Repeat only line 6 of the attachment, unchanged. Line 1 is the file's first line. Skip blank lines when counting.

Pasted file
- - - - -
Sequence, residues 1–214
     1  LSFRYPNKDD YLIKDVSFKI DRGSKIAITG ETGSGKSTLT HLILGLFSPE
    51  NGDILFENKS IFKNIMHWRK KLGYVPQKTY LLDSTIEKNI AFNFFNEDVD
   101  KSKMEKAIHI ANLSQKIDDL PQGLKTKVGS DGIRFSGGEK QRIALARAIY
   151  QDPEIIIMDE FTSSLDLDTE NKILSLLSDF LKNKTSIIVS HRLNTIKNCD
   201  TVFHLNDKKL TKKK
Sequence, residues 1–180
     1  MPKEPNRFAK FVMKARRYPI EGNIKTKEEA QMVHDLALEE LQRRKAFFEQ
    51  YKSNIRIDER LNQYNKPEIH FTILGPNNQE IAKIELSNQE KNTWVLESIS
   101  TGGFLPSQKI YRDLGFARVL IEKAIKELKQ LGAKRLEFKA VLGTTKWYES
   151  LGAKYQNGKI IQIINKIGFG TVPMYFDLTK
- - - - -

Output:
   201  TVFHLNDKKL TKKK